When it comes to counselling, is online second best?

When it comes to counselling, is online second best?

Electronic counselling sessions - online, telephone, video conference, email…..

In 2020 the Coronavirus pandemic and subsequent lockdown led to changes in every industry - and many unearthed new opportunities and revealed some big positives.

We spoke to Jade Taylor, a counsellor who has traditionally worked face to face for more than 13 years, about the impact electronic counselling sessions have had.

She said: “Over the last three craaaazy months, electronic, or online, wellbeing has become ‘norm’, but actually, undeniably also thought of as ‘second-best’ to what we offered before.

“But I would challenge that view. If you have chosen to go online instead of meeting your health practitioners face-to-face, then please keep reading, because I want to give you a view from the other side….. including as a client…

“I am a counsellor traditionally working face-to-face, working a parallel career with children and families. If I am not traditionally sat in a chair opposite you, or supporting some very challenging behaviours, then I am on the floor with you, or your child, surrounded in art materials and paper and getting messy.

“Previously, when people would contact me they would assume that we would go into a room, and would rarely choose electronic counselling when offered. But now, since we have HAD to, most have said they would be happy to remain that way.

“Why? Because online is just as good! Soak that in and try and believe it.

“If it is done right, then it brings its own advantages. Now, come on, let’s not deny, it can lack that personal interaction and feeling that being in a room together gives us, however, who said that was a bad thing, and undeniably unless you have experienced it, do you know if it is actually something you would prefer? It also gives us freedom, choices and an option to not get so caught up with my/the counsellor’s reactions.

Have a look…..

  • Online and by telephone can be much more relaxed. I find it can slow down the pace of the discussions, and give even more breathing time to reflect on what each of us has just said.

  • On the telephone, you may find that you will sit, or lie-down, or just get into a position that you would not dream of doing if you were in a room with me. How about sat in your garden, lying on your side, on the grass? For just one example.

  • When I am in a session with my Emmette and Kinesiology practitioner, I am laying down on the floor, feeling grounded, soaking in the relaxing environment and feeling more at ease to share my thoughts and feelings. What about you?

  • It gives you freedom, by not having to include the journey or the possible anxiety leading up to the sessions. What happens if you like you counsellor but just don’t settle in a room?

  • It gives you the choice of where you would like to have the session. You could be out and walking during our session if that’s what you would prefer. It gives you the choice to choose where you are comfortable.

“Now I don’t want to give away too many insider-secrets, of how we as counsellors manage the session, but I will say that it does promote openness much easier, especially in regards to the telephone.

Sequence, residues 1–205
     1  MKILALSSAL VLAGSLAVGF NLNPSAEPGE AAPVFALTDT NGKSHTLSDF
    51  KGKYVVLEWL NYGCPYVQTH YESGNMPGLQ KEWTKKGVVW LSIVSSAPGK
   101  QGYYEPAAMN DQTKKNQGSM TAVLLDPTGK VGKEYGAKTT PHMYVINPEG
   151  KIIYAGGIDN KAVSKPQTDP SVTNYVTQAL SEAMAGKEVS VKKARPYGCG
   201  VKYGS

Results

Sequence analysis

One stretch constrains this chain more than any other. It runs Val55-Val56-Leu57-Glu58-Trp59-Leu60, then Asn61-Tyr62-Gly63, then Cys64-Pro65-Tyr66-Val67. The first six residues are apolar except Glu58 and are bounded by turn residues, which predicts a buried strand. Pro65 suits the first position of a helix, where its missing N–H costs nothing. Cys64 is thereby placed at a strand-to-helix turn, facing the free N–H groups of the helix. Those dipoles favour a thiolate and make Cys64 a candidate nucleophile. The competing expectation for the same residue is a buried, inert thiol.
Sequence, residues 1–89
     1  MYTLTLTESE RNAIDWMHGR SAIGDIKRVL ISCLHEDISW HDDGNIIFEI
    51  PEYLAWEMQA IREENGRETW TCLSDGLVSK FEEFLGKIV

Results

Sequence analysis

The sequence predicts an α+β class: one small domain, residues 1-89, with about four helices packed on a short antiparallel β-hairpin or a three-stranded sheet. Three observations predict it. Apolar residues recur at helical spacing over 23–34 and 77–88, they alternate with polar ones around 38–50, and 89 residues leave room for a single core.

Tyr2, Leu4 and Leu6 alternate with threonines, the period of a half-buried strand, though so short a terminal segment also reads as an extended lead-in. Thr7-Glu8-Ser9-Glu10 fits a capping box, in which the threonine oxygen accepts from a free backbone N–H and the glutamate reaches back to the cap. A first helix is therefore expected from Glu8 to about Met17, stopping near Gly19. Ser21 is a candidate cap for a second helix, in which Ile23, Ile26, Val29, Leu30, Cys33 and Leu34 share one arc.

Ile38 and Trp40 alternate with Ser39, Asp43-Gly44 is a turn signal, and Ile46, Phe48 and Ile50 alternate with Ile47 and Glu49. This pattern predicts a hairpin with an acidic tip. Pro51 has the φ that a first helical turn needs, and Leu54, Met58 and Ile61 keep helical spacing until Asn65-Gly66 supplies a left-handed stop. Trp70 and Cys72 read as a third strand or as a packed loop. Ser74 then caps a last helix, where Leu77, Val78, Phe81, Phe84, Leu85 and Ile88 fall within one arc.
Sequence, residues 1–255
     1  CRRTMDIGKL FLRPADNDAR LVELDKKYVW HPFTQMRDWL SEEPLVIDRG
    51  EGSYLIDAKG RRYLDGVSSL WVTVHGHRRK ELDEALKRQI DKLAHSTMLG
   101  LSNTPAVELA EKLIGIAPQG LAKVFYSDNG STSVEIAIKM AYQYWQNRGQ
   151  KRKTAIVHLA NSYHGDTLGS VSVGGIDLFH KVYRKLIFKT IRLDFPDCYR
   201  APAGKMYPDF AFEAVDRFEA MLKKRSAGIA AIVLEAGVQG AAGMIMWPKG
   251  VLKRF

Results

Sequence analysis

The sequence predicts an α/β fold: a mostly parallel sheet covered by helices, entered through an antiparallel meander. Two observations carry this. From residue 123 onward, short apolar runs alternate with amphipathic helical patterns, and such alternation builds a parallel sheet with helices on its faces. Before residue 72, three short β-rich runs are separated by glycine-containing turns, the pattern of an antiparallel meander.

“But don’t worry, any good counsellor will be aware of this and maintain any boundaries if needed and keep you safe. Without having to worry about body reactions, facial expressions, what is the counsellor thinking? What if they judge you? You can feel more at ease to share more comfortably.

“On the other side of this, online sessions can feel much more close. Because potentially the camera will show us much closer than we would be in a face-to-face session and this can give a feeling of focus and of being listened to.

“We can also still be creative: no doubt it does limit the interactive fun and messiness of being face-to-face. However, it is not impossible and just takes some planning. From an online point of view: I have actually experienced being able to use a drawing tool much more readily and fluidly within a session, as there is no stopping the flow to obtain art materials and paper, we can just utilise screen share and use the whiteboard function to explore creatively.

“I’m not saying that electronic counselling is for everyone, but if anyone is out there thinking that it is second best, or is not even aware that it is an option, then I am here to challenge the idea, and bring electronic connection into its own deserved limelight, and say… consider it, try it and see what you can possibly gain from it.

“All of the people I have been lucky enough to support during these times, have all said that they find it just as good and many have said they have actually learnt more about themselves.”

Consider these questions when evaluating your own electronic experience:

  • What did you gain from seeing your practitioner face-to-face?

  • What did you gain from seeing them online/electronically?

  • What was the difference?

  • Would you use both methods?

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About the Centre

The Centre for Integral Health was started in 2013 by director Ben Calder after studying Integral theory since 2011 and over 10 years of professional practice of kinesiology and Bowen fascia Release Technique, coupled with the desire to explore the application of the Integral Model in relation to health.

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